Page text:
The price tag on a college diploma keeps going up, but at least you might be able to salvage some tax benefits if you’re paying the tab.
Case in point: If your child is attending college this fall, you may have a chance to claim an enhanced tax break for higher education expenses.
Strategy: Maximize benefits for the American Opportunity Tax Credit (AOTC). This enhanced credit, which was extended by the American Taxpayer Relief Act of 2012 (ATRA), is now available through 2017.
If it increases your credit for 2013, you might pay the tuition bill for the second semester— typically due in January of 2014—before the end of this year.
Here’s the whole story: The tax law provides two tax credits for higher education expenses. For 2013, the maximum AOTC is $2,500 and is available for up to four years of undergraduate study. (Previously, the maximum credit was only $1,800 and the AOTC was limited to the first two years of study.) In addition, 40% of the enhanced credit is refundable.
In contrast, the maximum allowed for the other tax credit for higher education, the Lifetime Learning Credit (LLC), is $2,000. The LLC may be claimed for only one student in any college year. There’s no such restriction on the AOTC.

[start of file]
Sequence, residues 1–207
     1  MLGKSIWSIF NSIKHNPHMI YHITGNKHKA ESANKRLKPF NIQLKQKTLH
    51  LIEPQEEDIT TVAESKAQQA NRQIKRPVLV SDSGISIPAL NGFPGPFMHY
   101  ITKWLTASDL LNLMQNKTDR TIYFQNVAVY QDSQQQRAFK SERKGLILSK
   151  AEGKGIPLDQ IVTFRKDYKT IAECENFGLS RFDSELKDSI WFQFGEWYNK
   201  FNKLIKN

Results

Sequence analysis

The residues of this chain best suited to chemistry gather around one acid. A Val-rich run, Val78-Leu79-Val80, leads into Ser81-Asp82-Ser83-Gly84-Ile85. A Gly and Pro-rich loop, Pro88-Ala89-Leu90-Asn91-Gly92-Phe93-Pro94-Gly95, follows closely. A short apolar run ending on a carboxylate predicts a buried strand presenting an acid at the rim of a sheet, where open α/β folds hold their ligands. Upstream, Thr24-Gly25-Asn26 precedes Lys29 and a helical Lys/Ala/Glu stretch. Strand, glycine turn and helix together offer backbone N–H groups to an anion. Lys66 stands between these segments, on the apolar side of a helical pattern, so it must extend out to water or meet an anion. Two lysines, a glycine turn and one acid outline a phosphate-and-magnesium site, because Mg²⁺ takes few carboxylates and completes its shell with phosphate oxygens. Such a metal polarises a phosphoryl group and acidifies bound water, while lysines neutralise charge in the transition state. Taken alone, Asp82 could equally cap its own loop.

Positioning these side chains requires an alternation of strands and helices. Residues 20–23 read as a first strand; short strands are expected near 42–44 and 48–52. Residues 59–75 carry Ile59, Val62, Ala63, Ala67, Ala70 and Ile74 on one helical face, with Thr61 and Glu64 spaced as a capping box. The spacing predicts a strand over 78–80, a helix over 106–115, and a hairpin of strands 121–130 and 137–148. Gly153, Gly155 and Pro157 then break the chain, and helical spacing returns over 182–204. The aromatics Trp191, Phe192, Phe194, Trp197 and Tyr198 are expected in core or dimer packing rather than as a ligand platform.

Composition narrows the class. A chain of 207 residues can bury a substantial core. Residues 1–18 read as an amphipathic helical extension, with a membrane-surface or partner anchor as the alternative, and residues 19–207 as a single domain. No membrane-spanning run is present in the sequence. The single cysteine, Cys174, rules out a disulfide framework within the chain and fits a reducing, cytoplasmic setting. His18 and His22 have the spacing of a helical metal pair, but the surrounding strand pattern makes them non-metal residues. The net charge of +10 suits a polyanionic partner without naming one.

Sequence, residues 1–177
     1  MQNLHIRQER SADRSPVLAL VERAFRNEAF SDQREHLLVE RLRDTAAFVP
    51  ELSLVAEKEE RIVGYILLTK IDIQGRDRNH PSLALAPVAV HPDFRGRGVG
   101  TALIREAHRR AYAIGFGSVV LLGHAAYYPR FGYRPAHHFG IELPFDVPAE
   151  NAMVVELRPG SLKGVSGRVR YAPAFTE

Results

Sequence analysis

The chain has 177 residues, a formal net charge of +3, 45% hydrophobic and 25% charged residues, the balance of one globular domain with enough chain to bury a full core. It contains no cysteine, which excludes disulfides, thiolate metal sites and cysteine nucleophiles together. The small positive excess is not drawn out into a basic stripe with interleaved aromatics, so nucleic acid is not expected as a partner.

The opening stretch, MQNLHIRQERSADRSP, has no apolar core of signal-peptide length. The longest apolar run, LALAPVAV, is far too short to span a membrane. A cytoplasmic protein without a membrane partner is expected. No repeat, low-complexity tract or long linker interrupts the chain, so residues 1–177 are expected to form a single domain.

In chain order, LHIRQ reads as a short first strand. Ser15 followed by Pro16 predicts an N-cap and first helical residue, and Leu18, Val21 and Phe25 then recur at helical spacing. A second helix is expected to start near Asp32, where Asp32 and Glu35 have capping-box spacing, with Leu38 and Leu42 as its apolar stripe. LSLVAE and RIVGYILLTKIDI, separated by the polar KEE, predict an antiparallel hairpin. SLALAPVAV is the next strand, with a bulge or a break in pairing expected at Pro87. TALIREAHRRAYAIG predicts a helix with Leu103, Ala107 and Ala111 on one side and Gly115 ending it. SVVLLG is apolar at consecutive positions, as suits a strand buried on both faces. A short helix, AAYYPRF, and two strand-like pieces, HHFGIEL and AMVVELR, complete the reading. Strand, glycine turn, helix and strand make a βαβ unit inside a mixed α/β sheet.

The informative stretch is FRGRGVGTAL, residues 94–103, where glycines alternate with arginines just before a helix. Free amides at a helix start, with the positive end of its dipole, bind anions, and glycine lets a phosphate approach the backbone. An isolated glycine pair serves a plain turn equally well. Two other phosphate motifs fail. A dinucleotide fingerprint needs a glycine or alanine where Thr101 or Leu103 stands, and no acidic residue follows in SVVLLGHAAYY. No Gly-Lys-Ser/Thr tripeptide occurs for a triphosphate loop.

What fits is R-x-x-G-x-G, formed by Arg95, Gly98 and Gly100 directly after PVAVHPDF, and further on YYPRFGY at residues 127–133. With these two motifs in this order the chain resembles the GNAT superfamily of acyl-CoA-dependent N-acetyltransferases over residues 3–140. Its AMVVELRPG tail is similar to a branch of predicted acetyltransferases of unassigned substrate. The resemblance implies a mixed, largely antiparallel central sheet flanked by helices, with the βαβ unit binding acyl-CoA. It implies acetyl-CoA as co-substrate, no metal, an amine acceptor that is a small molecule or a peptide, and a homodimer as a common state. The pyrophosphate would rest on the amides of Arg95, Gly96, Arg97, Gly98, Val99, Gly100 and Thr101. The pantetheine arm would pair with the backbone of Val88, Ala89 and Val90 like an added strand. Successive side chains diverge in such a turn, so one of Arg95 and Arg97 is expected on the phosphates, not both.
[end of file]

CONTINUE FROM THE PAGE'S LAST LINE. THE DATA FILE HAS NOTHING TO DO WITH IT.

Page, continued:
Both credits, however, phase out for upper-income taxpayers at slightly different levels.
The phaseout for the AOTC occurs between $80,000 and $90,000 of modified adjusted gross income (MAGI) for single filers; $160,000 and $180,000 of MAGI for joint filers. In 2013, the phaseout for the LLC occurs between $53,000 and $63,000 of MAGI for single filers: $107,000 and $127,000 for joint filers. No credit is allowed above the upper thresholds.
The alternative tuition deduction, which is claimed above the line, is $4,000 if your adjusted gross income (AGI) is below $65,000 for single filers; $130,000 of AGI for joint filers. It is reduced to $2,000 for an AGI up to $80,000 for single filers; $160,000 for joint filers. It is zero above the upper thresholds. So some high wage-earners have a better shot at the AOTC.
Tip: Unlike the AOTC, the tuition deduction is scheduled to expire after 2013.